The capabilities of iAssay, on the other hand, would allow Novus to "organize the patient data in a timely manner, so providers have more information during regular patient visits and can use that information to improve the quality of care and patient outcomes," Kenton said.

In general, other end users of diagnostic testing also seem aware of the potential for POC in home health. For example, Diana Hernandez, the clinical research director for microbiology at Geisinger's Center for Infectious Disease Diagnostics and Research, said last year that her lab would consider the Cepheid Omni system when it becomes available, for use by the health systems' mobile phlebotomist team that makes home health visits.

In retail pharmacy clinics, companies like eTrueNorth are offering products that simplify administrative processes for CLIA-waived laboratory point-of-care testing, making it easier for end users to meet local regulations, for example, even as some proficiency testing providers have expressed concern over the level of oversight for such tests, specifically in a lab setting.

Indeed, the ultimate accuracy of POC diagnostics in the hands of users who may not be trained in standard lab techniques is an important variable.

Brenda Korte, a POC device consultant, noted that while convenience for the user is a criterion for a successful POC device, and having a single interface might reduce training requirements, it is also important to determine whether a device can deliver on the accuracy requirements for all the target assays in the home health context.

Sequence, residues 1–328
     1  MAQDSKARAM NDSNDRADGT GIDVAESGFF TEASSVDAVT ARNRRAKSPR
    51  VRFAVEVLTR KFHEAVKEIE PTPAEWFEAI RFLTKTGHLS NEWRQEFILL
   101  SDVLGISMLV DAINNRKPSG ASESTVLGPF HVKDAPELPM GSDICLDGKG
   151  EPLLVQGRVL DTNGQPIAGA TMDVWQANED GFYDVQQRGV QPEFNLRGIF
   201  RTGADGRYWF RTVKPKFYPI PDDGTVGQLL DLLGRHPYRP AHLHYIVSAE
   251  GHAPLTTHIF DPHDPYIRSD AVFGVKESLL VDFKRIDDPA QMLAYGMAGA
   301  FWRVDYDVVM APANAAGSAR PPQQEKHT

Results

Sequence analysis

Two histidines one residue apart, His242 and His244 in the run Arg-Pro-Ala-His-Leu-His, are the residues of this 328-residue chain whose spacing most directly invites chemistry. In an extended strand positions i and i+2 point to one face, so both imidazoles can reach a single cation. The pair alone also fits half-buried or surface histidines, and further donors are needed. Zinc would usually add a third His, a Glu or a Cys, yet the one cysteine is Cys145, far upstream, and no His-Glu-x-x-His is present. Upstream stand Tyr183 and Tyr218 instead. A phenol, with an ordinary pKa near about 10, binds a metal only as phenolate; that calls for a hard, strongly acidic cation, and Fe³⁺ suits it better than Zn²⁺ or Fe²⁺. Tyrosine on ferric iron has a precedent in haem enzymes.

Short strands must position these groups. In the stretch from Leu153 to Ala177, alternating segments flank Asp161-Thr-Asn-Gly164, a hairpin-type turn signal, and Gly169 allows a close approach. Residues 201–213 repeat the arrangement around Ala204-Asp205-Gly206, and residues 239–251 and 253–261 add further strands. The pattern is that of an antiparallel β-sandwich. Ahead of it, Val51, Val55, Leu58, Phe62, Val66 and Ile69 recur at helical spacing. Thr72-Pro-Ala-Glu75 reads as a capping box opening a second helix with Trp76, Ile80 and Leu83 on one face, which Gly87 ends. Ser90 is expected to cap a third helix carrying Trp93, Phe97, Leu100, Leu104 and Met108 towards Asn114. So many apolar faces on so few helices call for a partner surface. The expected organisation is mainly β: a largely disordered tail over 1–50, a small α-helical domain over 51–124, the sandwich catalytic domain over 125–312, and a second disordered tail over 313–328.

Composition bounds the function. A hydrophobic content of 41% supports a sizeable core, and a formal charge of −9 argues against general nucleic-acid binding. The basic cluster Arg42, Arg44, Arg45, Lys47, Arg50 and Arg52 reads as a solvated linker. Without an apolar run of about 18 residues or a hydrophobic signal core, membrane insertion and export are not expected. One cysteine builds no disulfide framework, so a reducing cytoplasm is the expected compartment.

Korte, who previously oversaw POC device development as a program director for the National Institute of Biomedical Imaging and Bioengineering at the National Institutes of Health, cited recent concerns over PT monitors, and the recall of the Alere INRatio instruments over accuracy concerns, as an example of how hard it is to deliver accurate results at the point of care. She also noted that a comprehensive evaluation in procurement decisions would be needed, and pointed to a framework AdvaMed has developed to help decision-makers determine the value of diagnostic tests in their specific contexts.

Although it is difficult to say whether a particular device will lead to more uptake of POC testing, there does seem to be consensus among experts that decentralized testing is the way of the future.

"I do think the health care system is changing in ways that will increase adoption of point-of-care testing, with home health being a likely area of growth," Korte said.